Star Wars Jedi: Survivor is exquisite, diminished by performance issues


Graphic by Sam Dunn.

Ethan Glick, Entertainment Editor

After almost four years since the first game Star Wars Jedi: Fallen Order, the sequel Star Wars Jedi: Survivor was recently released to the public and brought with it a new standard for what Star Wars games should be. 

Survivor expands on and improves practically everything from the first game, from a much more complex and versatile combat system to simple quality-of-life improvements, like fast travel and alien mounts that stop you from having to run across the entirety of the much more open and expansive worlds it provides. However it isn’t all sunshine and rainbows.

Upon release, the game itself is amazing, when it’s not crashing or running like a Microsoft Powerpoint presentation. The worst end of the performance does seem to be contained to PCs, as consoles’ performance issues seem to mainly be screen-tearing and temporary lag spikes. There have been multiple patches since the game’s release on Apr. 28, improving and fixing some of the issues, so the problem is being actively addressed; however, the state the game shipped in is inexcusable for a triple A game of this caliber. 

For 70 gold doubloons and being backed by some of the biggest developers in the gaming industry, any game being released in the condition Survivor was should be a crime punishable by death, and while the problems can and will be fixed, that does not excuse the practical daylight robbery that this is. To promise a certain level of quality and charge your consumers according to that promise and then not deliver is a stinky move of the stinkiest proportions.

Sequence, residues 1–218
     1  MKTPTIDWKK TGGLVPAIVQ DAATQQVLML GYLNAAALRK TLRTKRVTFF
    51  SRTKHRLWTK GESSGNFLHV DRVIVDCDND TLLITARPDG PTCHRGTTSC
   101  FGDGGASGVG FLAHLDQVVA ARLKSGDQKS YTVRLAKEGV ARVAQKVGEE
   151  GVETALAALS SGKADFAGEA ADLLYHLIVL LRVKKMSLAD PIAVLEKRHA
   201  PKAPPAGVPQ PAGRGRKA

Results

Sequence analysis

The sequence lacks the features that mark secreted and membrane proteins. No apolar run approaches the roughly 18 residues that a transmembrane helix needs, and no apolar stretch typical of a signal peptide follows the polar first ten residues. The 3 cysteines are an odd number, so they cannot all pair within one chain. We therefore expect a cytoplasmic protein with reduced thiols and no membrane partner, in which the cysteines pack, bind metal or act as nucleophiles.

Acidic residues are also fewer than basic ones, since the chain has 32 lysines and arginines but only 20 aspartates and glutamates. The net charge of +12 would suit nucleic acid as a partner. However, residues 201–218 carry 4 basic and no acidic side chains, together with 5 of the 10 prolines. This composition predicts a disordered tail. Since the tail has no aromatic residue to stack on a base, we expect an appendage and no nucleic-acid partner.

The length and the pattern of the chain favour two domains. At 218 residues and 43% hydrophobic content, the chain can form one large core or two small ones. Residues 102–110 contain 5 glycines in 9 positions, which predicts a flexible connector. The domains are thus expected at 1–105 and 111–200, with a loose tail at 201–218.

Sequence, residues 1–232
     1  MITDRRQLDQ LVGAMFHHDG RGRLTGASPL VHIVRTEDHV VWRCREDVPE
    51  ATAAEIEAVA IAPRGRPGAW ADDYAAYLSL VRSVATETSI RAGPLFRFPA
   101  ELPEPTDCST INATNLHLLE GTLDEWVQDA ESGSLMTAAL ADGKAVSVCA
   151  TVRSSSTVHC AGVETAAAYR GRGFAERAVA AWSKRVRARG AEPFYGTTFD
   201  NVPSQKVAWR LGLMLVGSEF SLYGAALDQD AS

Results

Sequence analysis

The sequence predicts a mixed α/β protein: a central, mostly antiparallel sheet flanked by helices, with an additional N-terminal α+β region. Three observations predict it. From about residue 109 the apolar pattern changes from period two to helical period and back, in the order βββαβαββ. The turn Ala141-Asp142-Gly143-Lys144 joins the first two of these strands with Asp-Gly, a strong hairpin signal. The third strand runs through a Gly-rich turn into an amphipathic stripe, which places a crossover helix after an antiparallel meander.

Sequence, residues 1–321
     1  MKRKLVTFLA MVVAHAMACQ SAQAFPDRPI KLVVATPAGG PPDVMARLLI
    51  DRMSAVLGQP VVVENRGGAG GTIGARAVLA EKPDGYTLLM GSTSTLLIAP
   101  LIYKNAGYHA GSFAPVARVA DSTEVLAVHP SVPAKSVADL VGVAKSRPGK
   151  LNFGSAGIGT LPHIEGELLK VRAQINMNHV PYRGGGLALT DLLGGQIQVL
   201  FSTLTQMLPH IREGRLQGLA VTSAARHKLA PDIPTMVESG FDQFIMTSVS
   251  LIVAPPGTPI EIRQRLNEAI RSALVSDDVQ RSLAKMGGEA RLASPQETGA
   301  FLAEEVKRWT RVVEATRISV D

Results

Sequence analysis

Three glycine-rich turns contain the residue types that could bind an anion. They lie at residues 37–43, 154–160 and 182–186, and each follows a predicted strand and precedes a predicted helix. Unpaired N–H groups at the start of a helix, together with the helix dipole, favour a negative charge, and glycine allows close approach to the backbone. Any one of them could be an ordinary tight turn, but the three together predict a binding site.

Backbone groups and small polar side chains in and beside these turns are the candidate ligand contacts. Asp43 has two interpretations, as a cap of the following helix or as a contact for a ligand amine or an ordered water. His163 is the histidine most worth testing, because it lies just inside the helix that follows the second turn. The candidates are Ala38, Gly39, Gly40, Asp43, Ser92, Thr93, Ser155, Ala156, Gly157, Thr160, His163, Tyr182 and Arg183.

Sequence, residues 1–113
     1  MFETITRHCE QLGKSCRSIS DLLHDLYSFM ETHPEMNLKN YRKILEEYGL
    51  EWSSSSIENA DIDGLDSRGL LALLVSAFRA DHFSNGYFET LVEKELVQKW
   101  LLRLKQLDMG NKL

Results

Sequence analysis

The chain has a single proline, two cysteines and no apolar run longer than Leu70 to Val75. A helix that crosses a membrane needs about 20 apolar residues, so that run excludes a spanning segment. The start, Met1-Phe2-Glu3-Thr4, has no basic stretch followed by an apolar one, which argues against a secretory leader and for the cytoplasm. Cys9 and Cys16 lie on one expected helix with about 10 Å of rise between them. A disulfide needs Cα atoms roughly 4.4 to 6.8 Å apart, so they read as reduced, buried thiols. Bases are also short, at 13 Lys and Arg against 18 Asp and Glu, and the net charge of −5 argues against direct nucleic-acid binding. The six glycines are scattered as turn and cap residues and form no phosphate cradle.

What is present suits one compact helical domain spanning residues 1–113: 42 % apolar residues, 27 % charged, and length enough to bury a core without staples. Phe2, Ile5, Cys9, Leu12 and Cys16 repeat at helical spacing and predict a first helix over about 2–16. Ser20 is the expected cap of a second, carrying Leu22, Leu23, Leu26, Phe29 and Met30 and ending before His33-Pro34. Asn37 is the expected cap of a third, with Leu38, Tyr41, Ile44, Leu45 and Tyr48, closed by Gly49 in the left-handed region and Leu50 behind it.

It’s unfortunate, because – performance issues aside – the game is an absolute triumph. The game’s scope is enormous, to an almost overwhelming extent. I have played for around 20 hours, and I feel as though I have barely scratched the surface. The game does a great job of making players feel insanely cool and powerful while not diminishing the challenge they face. Even more so than the first game, Survivor could be considered the Dark Souls of Star Wars, and, especially on the highest difficulty, the game is simply brutal.

Survivor picks up five years after the events of the first game, and the characters we grew familiar with have parted ways. As you play through the game the crew gets back together, and, as you can expect, wacky hijinks ensue. Throughout the game, players will unlock five separate lightsaber stances, all of which have their own unique advantages and disadvantages. You can only equip two of the stances at one time, and depending on the situation, some may be suited better than others. As I played through the game, I found myself switching out my stances often, both for diversity and for function. That being said, I did eventually find my two favorites in the more unique of the new stances: the crossguard and blaster stance. The game has a much higher level of focus on customization, truly allowing you to create the gameplay you want to see.

On its own, Star Wars Jedi: Survivor is an exquisite entry into the Star Wars mythos, and a superior successor to the first game. However, an otherwise great game being diminished by poor performance is a story that seems to be becoming more and more frequent in the gaming industry (looking at you Cyberpunk 2077) and it plays out in this case, as well. If you’re playing on a PC and are on the fence about whether or not to buy it, definitely wait a few months for the game to be polished up. That being said, once performance is fixed, Star Wars Jedi: Survivor might just take the high ground for the best Star Wars game yet.